The omissions include an introductory quote from Baroness Blatch, a Home Office minister, in which she says there is growing evidence that offenders are more likely to settle in the community if they are given work or training. The final version of the Home Office funded report, "National Audit of Offender Employment Policies and Practice" excludes a series of statements which were found in the draft edition.
The report was carried out by a charitable trust but was overseen by a working group that included representatives of the Home Office, the Prison Service and the Department for Education and Employment.
It is understood government departments are keen to play down links between crime and unemployment. Michael Howard, the Home Secretary, is putting through measures in the Police Bill which are expected to result in up to 8 million people seeking a job having their criminal records vetted each year. The proposed Criminal Records Agency will provide three levels of checks, according to the sensitivity of the job.
Penal reform groups have condemned the measures, saying they would make ex-offenders unemployable. So, ministers do not want to be seen to be supporting research that suggests unemployed ex-criminals will reoffend.
The Apex Trust, an ex-offender employment organisation for England and Wales, produced a draft report in July.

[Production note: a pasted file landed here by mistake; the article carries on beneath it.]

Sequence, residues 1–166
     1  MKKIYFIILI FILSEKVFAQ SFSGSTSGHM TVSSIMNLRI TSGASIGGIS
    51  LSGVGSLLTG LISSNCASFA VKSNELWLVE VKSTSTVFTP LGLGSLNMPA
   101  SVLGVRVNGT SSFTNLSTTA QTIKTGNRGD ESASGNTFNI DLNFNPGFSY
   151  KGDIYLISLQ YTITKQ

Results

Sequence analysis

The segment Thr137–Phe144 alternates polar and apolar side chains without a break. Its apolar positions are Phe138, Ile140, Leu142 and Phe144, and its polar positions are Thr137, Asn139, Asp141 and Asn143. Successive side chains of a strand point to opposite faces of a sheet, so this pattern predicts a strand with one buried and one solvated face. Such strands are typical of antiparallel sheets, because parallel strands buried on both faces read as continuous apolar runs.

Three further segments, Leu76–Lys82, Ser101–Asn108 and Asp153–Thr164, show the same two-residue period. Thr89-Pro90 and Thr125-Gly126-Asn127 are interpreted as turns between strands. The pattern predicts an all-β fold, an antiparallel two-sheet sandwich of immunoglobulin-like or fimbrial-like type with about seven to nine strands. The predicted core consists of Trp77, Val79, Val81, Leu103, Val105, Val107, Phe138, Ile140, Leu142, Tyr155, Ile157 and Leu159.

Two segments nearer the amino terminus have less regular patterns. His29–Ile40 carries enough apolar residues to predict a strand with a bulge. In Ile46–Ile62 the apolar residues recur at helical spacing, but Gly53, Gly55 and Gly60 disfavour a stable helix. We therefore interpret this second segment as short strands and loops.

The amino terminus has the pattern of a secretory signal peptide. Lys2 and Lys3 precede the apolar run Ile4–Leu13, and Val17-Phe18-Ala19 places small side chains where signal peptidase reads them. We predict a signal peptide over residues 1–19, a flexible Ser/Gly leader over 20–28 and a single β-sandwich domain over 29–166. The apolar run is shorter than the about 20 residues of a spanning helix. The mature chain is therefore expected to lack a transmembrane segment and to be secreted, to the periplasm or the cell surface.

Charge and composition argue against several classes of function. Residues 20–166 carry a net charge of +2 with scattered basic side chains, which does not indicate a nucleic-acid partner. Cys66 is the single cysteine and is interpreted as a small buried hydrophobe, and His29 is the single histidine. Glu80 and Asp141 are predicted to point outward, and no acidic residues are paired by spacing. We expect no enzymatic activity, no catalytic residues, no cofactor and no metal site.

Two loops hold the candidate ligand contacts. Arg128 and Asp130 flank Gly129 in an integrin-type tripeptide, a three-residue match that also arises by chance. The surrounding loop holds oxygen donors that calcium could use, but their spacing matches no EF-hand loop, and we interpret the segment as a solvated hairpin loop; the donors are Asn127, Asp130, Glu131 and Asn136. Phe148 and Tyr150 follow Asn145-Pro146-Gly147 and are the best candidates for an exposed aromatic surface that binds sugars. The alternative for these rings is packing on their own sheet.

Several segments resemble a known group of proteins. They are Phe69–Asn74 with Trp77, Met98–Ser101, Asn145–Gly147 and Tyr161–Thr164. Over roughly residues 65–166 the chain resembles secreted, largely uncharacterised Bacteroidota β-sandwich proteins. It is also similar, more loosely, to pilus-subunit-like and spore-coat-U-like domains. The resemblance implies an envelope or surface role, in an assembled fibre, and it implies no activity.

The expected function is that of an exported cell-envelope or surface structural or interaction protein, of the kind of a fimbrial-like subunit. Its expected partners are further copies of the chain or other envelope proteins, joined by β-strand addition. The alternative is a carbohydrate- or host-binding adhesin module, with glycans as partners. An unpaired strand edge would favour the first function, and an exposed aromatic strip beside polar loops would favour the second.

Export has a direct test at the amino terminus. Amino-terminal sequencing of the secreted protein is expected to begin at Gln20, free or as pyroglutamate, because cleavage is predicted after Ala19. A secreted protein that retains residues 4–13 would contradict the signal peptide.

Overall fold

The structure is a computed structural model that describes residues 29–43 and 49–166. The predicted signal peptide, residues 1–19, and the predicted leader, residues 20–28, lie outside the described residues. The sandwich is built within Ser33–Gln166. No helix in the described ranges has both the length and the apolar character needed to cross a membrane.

But the final version which looks at employment training and educational facilities for prisoners and ex-offenders, which was produced in September, had big chunks missing.
Paragraphs taken out of the introduction included: "In her opening address to the multi-agency seminar `Improving the Employment Prospects of Offenders' in 1995, Baroness Blatch, Minister of State for the Home Office, said `there is now a growing body of evidence to show that supervision and resettlement is more likely to be successful if offenders are offered employment or training.'" Another line in the draft version's Findings, Policy and Strategy section which was later omitted was: "The Home Office recognise that employment contributes to the successful rehabilitation of offenders".
There are further examples such as: "[The Prison Service} considers work to be one of the principle means of reducing reoffending post release."
Godfrey Allen, chief executive of the Apex Trust, refused to comment on suggestions that the report had been "knobbled". "We have been commissioned to do a piece of work. It's their report and its up to them what they do with it and when they publish it," he said.
Harry Fletcher, assistant general secretary of the National Association of Probation Officers, said: "This change smacks of ministerial censorship.
"The report shows clearly that the best way of preventing future crimes is jobs and employment. That view is clearly endorsed by the Minister in the first draft."
A Home Office spokesman said the report was commissioned to look at what was happening within offender employment, and that the final version was the responsibility of Apex. She added that the report was not connected in any way with the vetting issue.Reuse content